Thursday 9th July 2020.
Dear Sir David
I am writing to seek your guidance on the recent use of statistics by the Scottish Government in relation to the prevalence of Covid 19 in the community in Scotland and England.
Scottish Ministers have asserted in recent days that that the number of Coronavirus cases in the community is “five times lower” in Scotland than in England. The Scottish Government has since provided the sources for its claims. The first is the ONS’s publication “Coronavirus (Covid-19) Infection Survey pilot: England, 25 June 2020”. The second is the Scottish Government’s publication “Coronavirus: modelling the epidemic in Scotland (issue No.6)”, also published on 25th June. The Scottish Government’s calculations are based on two figures contained within these publications: the upper threshold for cases: 105,000 in ONS’s survey of England and 2,220 in the Scottish Government’s modelling paper. Applying population share, it then asserts that Scotland’s prevalence rate is 4.7 times lower than England.
I would like the ONS’s assessment of the Scottish Government’s actions in reaching this figure. In particular, two issues appear worthy of attention:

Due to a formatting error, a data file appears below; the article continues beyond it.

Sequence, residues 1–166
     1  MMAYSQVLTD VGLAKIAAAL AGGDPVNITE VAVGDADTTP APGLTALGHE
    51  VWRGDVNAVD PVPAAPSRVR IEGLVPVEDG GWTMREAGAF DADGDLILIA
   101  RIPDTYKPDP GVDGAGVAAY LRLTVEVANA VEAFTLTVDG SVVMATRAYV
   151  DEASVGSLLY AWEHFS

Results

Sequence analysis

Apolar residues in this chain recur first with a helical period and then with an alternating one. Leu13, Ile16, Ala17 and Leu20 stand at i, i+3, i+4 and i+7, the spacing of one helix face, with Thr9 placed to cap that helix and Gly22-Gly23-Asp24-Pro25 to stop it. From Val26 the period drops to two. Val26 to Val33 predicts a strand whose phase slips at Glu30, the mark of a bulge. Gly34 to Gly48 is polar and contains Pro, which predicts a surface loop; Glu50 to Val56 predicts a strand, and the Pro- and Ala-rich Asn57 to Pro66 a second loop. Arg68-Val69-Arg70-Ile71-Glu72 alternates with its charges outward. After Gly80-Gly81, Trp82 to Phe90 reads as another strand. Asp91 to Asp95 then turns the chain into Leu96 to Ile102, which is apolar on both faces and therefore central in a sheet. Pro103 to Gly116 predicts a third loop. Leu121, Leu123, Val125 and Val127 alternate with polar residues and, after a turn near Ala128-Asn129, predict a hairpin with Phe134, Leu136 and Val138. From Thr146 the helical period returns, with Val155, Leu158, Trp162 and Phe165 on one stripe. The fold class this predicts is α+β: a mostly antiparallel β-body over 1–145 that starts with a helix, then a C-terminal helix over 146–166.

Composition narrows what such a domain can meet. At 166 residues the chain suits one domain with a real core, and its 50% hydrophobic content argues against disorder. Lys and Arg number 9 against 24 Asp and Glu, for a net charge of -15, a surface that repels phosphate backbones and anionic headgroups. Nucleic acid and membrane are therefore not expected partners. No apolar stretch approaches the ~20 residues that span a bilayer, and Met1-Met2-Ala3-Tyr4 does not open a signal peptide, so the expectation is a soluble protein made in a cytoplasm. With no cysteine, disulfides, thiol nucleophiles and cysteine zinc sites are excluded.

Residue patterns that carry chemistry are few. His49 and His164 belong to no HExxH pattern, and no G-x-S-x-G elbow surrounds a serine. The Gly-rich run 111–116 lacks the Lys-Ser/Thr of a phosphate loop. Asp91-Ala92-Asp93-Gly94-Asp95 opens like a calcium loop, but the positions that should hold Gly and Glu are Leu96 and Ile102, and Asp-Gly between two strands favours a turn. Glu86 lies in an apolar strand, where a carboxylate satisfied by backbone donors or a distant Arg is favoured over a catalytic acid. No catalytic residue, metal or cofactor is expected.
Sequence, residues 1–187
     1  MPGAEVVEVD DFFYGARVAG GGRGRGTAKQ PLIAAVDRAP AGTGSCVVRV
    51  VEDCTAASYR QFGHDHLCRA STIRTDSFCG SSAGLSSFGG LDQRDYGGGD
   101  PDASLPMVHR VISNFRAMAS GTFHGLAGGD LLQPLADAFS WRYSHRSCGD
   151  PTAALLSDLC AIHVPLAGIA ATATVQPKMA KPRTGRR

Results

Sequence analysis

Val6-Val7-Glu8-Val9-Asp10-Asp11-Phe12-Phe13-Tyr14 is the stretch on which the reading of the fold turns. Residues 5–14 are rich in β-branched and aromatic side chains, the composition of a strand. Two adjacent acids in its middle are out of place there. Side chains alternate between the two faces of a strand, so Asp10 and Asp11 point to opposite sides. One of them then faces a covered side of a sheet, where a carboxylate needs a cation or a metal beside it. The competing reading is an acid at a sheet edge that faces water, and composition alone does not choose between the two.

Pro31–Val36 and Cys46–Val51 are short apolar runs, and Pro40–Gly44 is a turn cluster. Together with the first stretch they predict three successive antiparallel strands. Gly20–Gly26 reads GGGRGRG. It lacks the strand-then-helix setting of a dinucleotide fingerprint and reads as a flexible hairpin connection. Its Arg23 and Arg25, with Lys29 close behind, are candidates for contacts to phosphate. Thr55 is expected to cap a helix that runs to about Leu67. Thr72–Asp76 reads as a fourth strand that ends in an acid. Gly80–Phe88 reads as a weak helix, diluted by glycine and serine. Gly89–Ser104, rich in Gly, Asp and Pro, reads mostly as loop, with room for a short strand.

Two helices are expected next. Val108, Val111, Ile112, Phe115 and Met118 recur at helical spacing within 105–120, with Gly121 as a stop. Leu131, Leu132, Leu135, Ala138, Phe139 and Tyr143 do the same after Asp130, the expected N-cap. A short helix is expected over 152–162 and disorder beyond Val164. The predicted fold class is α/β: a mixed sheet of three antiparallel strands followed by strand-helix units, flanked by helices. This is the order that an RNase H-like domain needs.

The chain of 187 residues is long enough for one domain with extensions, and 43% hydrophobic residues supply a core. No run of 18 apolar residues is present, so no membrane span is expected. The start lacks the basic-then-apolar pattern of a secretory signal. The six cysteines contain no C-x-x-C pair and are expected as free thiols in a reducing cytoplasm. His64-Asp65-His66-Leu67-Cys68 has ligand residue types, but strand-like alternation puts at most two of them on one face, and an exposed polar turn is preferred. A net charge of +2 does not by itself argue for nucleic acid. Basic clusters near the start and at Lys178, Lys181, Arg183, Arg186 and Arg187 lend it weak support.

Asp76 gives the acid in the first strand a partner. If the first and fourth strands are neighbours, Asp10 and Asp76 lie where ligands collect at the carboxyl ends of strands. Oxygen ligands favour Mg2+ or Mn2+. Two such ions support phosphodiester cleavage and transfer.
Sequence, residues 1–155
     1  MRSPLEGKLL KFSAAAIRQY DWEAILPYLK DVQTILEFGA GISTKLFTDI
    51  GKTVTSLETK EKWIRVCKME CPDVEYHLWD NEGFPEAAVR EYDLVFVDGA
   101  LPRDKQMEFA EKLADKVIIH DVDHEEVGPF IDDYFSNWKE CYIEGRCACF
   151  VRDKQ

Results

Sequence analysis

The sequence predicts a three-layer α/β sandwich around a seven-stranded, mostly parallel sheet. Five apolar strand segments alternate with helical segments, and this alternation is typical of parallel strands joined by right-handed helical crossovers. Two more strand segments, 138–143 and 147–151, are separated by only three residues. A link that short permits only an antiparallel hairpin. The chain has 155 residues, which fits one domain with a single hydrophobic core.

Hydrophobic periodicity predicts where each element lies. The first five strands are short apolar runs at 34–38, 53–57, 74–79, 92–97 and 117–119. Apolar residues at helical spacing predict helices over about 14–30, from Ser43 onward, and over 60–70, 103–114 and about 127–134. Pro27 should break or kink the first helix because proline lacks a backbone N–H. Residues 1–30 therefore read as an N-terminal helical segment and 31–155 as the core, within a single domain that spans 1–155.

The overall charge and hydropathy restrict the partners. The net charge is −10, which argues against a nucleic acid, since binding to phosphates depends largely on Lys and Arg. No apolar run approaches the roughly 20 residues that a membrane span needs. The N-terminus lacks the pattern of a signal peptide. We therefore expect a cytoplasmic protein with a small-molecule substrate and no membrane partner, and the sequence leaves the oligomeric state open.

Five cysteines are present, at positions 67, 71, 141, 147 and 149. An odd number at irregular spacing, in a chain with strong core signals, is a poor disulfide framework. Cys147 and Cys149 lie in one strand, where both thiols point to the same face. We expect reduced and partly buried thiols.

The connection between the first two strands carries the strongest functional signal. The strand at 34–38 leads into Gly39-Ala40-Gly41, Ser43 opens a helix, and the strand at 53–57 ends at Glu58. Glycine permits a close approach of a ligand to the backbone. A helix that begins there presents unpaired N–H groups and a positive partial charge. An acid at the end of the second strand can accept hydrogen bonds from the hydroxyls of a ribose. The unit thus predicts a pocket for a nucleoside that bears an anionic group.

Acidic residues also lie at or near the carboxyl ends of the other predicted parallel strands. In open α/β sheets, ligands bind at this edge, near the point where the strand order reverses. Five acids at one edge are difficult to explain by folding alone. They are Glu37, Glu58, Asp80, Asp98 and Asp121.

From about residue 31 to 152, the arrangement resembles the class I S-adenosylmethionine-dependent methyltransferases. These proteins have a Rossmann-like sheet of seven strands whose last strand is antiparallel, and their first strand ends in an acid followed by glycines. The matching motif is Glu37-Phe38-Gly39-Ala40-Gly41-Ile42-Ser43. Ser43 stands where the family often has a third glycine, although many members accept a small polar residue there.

The two figures do not appear to measure the same time period. The Scottish Government’s 2,200 figure is a snapshot estimate for the prevalence of Covid 19 in Scotland on 19th June. The English estimated prevalence rate is the average for the period 8-21 June. The time frames involved are therefore not the same
The methodology used in the two data sets and the purpose of the upper bound is entirely different and therefore not comparable. The ONS figures are based on your Infection Survey of more than 25,000 people in England. The lower-upper threshold on the number of positive Covid 19 cases is therefore a measure of mathematical confidence. The Scottish Government’s figure is based on modelling, mainly from deaths and hospital admissions, and does not therefore carry the same level of certainty as the data in England. The upper threshold for the Scottish data is also is a planning assumption that is not informed by statistical methodologies, so should not be comparable.
It is also notable that the Scottish Government figures used – the two datasets published on June 25th – have now been superseded by new figures which, using this flawed methodology, suggests that the prevalence rate between England and Scotland is in fact broadly similar.
Your attention to these matters would be greatly appreciated.
Miles Briggs MSP, Lothian.
M2.15 The Scottish Parliament